Now, about the Keystoker KA-6...do you have access to buck size coal? A friend of mine has been struggling with a Ka-6 for a week, it has been running hard to heat his house and creating clinkers in the stoker that sometimes stop the flow of coal. I gave him some buck to mix in with the rice, and now it runs great with no clinkers. If your heat load comes in on the high side of the KA-6 capability, I would plan on running buck or getting a bigger boiler.

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stovepipemike
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Stove/Furnace Make: Keystoker
Stove/Furnace Model: KAA-2
Location: Morgantown ,Penna

Post Fri. Jan. 25, 2013 8:31 am

What was said already plus it would be important to take a peek at the chimney size and condition while you are at it,to be sure what you are working with. If you have to go much past a K6 some of the boiler breechings can get "biggity". Mike

Pacowy
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Stoker Coal Boiler: H.B. Smith 350 Mills boiler/EFM 85R stoker
Coal Size/Type: Buckwheat/anthracite
Location: Dalton, MA

Post Fri. Jan. 25, 2013 8:53 am

For reasons covered in detail in other threads, I definitely would not limit the size of the boiler to correspond to what some computer program says is your heat loss. The assumptions typically don't correspond to the conditions you are likely to experience, and especially in an older house factors like air infiltration that are hard to measure are very significant. Even a unit that theoretically could meet the actual heating load may come up short due to ash buildup, coal quality issues, DHW load, imperfect fuel/air mixture, etc.. I think there are legitimate reasons why the original installers of coal-fired equipment used generous sizing, and would caution against spending money to create an underpowered system.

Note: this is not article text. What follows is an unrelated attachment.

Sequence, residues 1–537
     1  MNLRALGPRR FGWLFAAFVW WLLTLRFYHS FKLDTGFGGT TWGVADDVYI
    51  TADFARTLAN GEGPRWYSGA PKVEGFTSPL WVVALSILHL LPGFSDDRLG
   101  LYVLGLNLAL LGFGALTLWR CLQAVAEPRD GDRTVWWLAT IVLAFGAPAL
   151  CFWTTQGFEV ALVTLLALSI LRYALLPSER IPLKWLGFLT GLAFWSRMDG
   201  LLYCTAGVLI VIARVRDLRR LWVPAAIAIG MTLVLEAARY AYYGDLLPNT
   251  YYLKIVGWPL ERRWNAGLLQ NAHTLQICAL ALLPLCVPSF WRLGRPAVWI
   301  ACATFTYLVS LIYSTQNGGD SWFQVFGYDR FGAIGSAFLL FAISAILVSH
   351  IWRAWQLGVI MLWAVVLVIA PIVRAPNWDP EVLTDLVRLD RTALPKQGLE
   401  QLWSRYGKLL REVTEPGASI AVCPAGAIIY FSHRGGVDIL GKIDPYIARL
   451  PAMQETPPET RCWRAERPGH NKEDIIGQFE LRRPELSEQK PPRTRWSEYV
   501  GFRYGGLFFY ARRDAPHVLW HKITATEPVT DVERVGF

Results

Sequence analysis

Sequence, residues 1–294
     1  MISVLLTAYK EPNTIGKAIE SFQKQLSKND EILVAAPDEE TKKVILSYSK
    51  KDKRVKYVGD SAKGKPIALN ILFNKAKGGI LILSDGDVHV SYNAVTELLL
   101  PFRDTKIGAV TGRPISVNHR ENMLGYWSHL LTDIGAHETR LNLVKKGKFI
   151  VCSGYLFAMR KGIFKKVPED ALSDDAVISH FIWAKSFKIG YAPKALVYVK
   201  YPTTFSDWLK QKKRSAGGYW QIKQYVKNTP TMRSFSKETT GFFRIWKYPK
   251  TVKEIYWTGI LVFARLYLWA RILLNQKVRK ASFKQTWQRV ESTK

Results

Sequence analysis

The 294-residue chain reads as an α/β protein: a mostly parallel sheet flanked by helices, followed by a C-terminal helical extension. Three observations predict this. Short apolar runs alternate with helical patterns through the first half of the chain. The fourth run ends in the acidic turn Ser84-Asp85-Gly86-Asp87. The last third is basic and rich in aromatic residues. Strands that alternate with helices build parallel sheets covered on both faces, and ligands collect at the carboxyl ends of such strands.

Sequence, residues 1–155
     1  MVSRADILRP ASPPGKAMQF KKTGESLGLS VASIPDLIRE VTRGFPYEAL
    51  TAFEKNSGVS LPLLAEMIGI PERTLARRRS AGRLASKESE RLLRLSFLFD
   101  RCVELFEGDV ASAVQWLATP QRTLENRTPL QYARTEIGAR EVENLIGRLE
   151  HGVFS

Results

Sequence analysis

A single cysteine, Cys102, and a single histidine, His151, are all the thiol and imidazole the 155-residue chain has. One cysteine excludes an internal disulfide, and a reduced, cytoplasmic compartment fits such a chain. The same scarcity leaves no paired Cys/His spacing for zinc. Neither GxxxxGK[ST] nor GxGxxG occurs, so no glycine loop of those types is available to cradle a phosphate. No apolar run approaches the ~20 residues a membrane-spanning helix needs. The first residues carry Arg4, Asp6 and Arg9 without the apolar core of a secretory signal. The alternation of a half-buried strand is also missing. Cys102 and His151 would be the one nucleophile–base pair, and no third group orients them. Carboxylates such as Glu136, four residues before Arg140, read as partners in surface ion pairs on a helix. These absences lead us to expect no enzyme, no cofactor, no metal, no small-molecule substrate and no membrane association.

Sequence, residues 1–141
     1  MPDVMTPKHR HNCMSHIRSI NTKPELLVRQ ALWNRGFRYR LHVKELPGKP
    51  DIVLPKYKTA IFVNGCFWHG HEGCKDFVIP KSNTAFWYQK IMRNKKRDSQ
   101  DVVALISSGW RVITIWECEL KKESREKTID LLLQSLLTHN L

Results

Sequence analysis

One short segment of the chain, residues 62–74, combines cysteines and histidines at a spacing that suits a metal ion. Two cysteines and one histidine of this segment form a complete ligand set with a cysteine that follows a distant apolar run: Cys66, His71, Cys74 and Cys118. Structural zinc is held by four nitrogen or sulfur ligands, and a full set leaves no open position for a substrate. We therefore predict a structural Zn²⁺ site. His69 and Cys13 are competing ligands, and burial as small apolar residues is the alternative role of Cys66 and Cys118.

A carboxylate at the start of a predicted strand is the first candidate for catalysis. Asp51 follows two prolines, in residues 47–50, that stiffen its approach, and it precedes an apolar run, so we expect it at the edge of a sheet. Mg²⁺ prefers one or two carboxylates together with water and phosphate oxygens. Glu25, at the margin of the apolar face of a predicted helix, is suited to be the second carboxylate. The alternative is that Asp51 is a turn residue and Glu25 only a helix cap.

Mike

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Rob R.
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Stoker Coal Boiler: EFM DF520
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Coal Size/Type: Lehigh Rice
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Location: Chazy, NY

Post Fri. Jan. 25, 2013 9:01 am

Pacowy wrote:The assumptions typically don't correspond to the conditions you are likely to experience, and especially in an older house factors like air infiltration that are hard to measure are very significant.
It was easy to assess the impact of "infiltration" last night when our house was hit with 20 mph winds at -2 on the thermometer...my boiler ran without stopping for 2 hours. It maintained our desired interior temperature, so there was no need to adjust the stoker to a higher output...but it was sure nice to have the option. I did a mid-season cleaning two weeks ago, and my current supply of coal is very good...if the boiler was due for a cleaning, or the coal was "fair", the "reserve" stoker capacity would have been called into action.